MedTech-related health technology assessments from NIHR in February 2022

19

Apr 2022

The National Institute for Health Research (NIHR) funds valuable independent research for health and social care decision-makers in England. Reports from the Health Technology Assessment (HTA) Programme are published in the NIHR HTA Journal and inform NICE guidance.

In February 2022, six MedTech-related assessments were published in the NIHR HTA Journal:

  • Biomarkers for assessing acute kidney injury for people who are being considered for admission to critical care: a systematic review and meta-analysis were conducted to evaluate the performance of novel biomarkers for detecting acute kidney injury and the prediction of other relevant clinical outcomes. The following novel biomarkers were considered: NephroCheck® (Astute Medical), ARCHITECT® urine neutrophil gelatinase-associated lipocalin (NGAL) (Abbott Laboratories), and urine and plasma BioPorto NGAL (BioPorto Diagnostics A/S) immunoassays. It was concluded that current evidence is insufficient to fully appraise the role and economic value of these biomarkers and determine whether or not they provide cost-effective improvements in the clinical outcomes of acute kidney injury patients;
  • Non-invasive testing for early detection of neovascular macular degeneration in unaffected second eyes of older adults based on multicentre, prospective, cohort, comparative diagnostic accuracy study (EDNA) in monitoring setting for up to 3 years. It was concluded that optical coherence tomography was the most accurate non-invasive test in diagnosing neovascular age-related macular degeneration in the second eye of older adults;
  • A multidomain decision support tool to prevent falls in older people based on a multicentre, cluster, parallel, randomized controlled trial (FinCH). The objectives were to evaluate the clinical effectiveness and cost-effectiveness of the Guide to Action for falls prevention in Care Homes (GtACH) program. It was shown that  GtACH program significantly reduced the falls rate in care homes without restricting residents' activity levels or increasing their dependency and was cost-effective at current thresholds in the NHS;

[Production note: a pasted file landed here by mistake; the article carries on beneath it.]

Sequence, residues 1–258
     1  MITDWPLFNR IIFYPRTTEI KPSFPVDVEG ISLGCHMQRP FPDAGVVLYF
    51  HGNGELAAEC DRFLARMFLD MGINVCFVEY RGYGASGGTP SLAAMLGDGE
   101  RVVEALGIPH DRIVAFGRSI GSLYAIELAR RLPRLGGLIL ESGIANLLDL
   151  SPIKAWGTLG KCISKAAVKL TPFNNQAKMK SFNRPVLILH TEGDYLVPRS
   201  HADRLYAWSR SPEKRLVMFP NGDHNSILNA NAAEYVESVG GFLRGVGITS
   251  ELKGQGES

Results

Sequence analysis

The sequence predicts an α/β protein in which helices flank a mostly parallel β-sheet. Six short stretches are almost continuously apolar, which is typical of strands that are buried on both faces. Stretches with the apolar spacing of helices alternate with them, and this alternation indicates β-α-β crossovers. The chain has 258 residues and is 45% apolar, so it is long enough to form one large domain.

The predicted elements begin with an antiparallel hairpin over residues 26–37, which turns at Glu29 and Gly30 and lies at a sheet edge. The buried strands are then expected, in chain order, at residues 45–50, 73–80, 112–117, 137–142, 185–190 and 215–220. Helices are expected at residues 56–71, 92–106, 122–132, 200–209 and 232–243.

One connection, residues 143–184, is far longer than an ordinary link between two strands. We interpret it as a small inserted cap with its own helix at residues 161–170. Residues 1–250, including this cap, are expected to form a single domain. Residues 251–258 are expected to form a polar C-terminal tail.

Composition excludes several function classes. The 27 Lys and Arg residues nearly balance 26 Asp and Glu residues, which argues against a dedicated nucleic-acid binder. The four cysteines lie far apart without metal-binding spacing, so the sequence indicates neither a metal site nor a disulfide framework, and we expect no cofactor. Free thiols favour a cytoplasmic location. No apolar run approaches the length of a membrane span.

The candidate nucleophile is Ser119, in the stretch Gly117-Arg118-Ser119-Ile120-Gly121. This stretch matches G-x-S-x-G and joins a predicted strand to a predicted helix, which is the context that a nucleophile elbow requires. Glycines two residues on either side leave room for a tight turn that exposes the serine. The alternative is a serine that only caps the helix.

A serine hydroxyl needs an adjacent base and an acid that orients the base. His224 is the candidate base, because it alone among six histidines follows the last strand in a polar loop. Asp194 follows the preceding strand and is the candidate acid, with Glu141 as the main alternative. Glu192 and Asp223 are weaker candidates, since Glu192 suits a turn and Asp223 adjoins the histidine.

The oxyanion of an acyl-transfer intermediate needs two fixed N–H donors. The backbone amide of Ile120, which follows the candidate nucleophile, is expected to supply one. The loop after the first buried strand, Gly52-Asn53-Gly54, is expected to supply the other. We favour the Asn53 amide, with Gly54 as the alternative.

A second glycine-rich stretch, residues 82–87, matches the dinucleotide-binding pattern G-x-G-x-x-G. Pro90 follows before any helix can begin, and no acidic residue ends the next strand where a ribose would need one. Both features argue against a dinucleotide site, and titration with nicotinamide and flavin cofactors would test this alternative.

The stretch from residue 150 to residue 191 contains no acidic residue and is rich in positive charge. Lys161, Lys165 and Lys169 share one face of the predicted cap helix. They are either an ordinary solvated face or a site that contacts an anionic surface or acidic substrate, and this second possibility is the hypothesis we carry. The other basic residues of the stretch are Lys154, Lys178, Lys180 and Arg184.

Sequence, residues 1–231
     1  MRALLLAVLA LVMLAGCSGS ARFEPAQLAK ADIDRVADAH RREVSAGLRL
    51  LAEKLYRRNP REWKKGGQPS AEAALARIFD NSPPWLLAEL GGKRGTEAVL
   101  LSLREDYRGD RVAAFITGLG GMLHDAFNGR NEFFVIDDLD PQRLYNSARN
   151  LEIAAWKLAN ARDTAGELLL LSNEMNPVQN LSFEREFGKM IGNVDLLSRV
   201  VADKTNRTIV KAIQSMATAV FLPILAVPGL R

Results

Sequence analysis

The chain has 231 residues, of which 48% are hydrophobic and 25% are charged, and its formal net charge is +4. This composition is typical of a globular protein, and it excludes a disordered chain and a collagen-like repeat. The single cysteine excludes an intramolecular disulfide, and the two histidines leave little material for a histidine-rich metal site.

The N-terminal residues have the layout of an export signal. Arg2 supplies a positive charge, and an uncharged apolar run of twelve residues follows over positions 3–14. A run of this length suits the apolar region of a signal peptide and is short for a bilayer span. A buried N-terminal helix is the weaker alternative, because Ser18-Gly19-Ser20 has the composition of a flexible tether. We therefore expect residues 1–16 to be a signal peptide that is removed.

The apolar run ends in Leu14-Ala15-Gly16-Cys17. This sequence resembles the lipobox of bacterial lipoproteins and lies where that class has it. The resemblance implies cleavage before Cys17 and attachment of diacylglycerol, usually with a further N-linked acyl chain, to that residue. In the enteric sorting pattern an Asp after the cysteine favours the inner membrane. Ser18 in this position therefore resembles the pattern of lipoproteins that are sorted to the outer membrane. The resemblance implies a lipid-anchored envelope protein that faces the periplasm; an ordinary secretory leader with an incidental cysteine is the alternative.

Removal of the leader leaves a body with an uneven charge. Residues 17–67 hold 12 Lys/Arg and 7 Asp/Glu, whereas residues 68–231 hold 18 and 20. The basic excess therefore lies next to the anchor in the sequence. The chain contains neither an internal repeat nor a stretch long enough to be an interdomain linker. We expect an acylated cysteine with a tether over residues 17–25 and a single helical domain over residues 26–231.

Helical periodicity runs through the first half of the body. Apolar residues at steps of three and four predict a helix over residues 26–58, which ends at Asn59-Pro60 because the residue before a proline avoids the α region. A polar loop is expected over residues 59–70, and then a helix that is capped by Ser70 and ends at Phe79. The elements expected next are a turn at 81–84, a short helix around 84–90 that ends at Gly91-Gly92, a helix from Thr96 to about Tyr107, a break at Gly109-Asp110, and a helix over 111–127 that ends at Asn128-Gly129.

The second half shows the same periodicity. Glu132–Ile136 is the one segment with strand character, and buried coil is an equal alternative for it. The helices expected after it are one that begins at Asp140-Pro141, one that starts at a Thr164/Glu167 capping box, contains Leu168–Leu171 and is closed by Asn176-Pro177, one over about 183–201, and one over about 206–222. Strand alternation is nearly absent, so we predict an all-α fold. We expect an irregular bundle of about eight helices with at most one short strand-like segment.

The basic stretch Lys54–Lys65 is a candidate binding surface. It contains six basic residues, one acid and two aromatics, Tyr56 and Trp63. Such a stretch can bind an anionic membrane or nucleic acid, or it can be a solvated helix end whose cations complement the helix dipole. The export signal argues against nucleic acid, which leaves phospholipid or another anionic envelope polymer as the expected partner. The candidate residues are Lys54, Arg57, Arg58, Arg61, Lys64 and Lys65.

• Endometrial scratch to increase live birth rates in women undergoing first-time in vitro fertilization is based on a pragmatic, multicenter, superiority, open-label, parallel-group, individually randomized controlled trial and the systematic review. This trial and the subsequent systematic review found no evidence that performing endometrial scratch in the mid-luteal phase in women undergoing their first IVF cycle significantly improves the live birth rate, although the procedure was well-tolerated and safe. So, an endometrial scratch was not recommended in this population;
  • Moulded cast compared with K-wire fixation after manipulation of an acute dorsally displaced distal radius fracture based on the pragmatic, superiority, multicenter, randomized controlled trial with a health economic evaluation (DRAFFT 2). It was concluded that surgical fixation with K-wires is not superior to moulded casting, as measured by the Patient-Rated Wrist Evaluation score. However, one in eight participants treated in a moulded cast required surgery for loss of fracture reduction in the first six weeks. After a successful closed reduction, clinicians may consider a moulded cast as a safe and cost-effective alternative to surgical fixation with K-wires;
  • A rapid intrapartum test for group B Streptococcus to reduce antibiotic usage in mothers with risk factors based on the unblinded cluster randomized controlled trial (GBS2) with a nested test accuracy study, an economic evaluation, and a microbiology sub-study. The accuracy of the GeneXpert® Dx IV GBS rapid testing system (Cepheid) was compared with the standard of selective enrichment culture in diagnosing maternal group B Streptococcus colonization. It was concluded that the rapid test is accurate; however, using it for women with risk factors for their baby developing group B Streptococcus infection does not reduce antibiotic usage in mothers, although it does in babies. Value for money is uncertain and depends on what costs are included.

See the full details here.

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